Freelance mistakes can lead an individual to a depressing state, because if he commits these mistakes then it will be more likely for him to not receive any orders and get rejected by clients over and over again.
If the same case is going to with you, then you should check if you are making any of the mistakes that we will discuss in this article.
But don’t be afraid. When we first start out, we all make silly mistakes. That’s how we get better.
Albert Einstein reportedly stated, “A person who has never made a mistake has never attempted anything new.” Of course, we can’t learn new things unless we take risks, and we make mistakes along the way. However, repeating the same error can cost you.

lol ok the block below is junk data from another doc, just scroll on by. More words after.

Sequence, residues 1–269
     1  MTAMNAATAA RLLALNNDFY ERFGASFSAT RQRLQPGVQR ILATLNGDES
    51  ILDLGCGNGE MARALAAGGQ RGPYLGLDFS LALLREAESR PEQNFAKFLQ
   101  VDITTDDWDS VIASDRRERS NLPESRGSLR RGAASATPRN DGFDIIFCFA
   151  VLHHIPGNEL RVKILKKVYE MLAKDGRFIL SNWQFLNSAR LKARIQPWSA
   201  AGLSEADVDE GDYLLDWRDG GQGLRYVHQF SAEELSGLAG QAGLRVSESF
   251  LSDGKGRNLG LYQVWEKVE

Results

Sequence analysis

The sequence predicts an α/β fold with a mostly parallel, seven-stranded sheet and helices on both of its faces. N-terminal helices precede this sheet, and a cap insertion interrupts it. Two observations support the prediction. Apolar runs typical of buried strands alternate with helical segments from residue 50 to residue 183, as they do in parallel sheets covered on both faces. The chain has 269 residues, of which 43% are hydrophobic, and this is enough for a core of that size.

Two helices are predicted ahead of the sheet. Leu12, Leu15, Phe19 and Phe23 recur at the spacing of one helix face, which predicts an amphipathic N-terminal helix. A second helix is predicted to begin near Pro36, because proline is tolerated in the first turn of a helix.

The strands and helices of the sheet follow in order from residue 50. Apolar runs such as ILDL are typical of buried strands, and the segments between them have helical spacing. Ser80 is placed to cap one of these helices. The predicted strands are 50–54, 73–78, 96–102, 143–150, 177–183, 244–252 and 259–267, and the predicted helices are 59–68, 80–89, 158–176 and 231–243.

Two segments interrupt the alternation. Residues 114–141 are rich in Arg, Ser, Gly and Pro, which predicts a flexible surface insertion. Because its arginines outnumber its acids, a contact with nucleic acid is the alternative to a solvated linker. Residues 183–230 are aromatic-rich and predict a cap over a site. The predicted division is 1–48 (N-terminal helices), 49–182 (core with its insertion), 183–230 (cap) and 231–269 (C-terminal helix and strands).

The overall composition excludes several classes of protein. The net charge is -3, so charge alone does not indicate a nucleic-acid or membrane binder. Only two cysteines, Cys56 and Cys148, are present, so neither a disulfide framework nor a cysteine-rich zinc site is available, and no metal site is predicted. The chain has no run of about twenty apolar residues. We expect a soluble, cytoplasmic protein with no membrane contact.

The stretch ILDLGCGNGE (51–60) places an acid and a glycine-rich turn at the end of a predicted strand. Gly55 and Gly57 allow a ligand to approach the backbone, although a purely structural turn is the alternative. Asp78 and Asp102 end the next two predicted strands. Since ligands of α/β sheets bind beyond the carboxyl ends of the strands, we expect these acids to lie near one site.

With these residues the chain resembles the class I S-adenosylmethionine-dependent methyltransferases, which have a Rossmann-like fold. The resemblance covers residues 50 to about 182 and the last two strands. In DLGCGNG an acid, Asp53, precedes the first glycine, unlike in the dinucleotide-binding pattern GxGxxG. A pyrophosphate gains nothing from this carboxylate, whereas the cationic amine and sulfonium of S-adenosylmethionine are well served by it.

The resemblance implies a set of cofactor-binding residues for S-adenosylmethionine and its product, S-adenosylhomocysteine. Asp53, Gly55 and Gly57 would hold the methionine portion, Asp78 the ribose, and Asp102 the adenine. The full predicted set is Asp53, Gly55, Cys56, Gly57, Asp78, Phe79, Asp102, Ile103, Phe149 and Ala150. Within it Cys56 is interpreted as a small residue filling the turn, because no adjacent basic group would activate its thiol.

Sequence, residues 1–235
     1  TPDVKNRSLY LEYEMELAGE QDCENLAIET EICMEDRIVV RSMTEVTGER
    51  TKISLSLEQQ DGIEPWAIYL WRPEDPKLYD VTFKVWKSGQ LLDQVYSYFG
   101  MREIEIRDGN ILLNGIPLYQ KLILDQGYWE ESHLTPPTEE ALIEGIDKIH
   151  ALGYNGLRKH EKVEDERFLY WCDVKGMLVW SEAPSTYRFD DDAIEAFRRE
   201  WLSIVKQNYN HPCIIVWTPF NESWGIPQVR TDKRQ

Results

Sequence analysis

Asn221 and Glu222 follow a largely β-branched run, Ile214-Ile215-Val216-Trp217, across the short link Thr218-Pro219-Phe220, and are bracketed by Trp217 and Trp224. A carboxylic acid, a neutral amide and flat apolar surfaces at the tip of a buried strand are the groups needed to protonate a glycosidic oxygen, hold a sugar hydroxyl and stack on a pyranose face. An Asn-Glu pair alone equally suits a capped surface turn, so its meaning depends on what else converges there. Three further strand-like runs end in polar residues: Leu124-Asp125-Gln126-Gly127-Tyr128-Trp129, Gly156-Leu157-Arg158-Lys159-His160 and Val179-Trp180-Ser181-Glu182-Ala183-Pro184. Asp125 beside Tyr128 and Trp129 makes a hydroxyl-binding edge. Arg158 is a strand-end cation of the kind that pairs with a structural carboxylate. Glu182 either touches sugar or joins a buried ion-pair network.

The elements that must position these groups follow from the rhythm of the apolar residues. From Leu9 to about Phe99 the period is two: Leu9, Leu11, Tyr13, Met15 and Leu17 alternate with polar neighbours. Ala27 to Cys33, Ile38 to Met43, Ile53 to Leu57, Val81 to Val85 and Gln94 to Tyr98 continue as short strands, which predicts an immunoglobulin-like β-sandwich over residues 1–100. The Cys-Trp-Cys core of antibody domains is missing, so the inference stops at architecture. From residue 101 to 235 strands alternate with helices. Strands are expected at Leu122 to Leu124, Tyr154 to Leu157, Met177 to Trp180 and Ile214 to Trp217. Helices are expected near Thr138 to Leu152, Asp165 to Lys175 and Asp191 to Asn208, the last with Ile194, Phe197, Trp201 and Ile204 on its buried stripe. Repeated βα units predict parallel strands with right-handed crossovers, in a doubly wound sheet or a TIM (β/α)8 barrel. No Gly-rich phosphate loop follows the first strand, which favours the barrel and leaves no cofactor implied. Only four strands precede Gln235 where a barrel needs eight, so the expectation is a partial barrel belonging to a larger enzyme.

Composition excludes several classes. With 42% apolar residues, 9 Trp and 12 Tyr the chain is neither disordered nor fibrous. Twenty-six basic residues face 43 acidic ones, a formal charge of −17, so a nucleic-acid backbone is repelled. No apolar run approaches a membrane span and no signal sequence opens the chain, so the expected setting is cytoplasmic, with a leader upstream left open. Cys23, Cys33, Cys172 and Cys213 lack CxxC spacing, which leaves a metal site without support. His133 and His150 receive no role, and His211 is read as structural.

Most freelancers make several mistakes while dealing with clients and frequently wonder why they don’t receive enough work or why they have to track down clients simply to have their expenses paid. Some even quit up too readily after experiencing failure after failure.
I’ve also made a lot of mistakes in my freelancing business. But I also learned to avoid the most potential mistakes by studying the errors of other freelancers. You, too, can do the same.
Here are some of the mistakes you should avoid at all costs if you want to be a great freelancer.
10 worst freelance mistakes list
- Bad Communication Skills
- Offering Discounts
- Overloading yourself
- Free work
- You Don’t Know How to Price Your Services
- There is no “Rainy Day” Fund.
- Believing You Understand Everything
- Avoiding specialization
- Neglect on scalable business methods
- Ignoring your health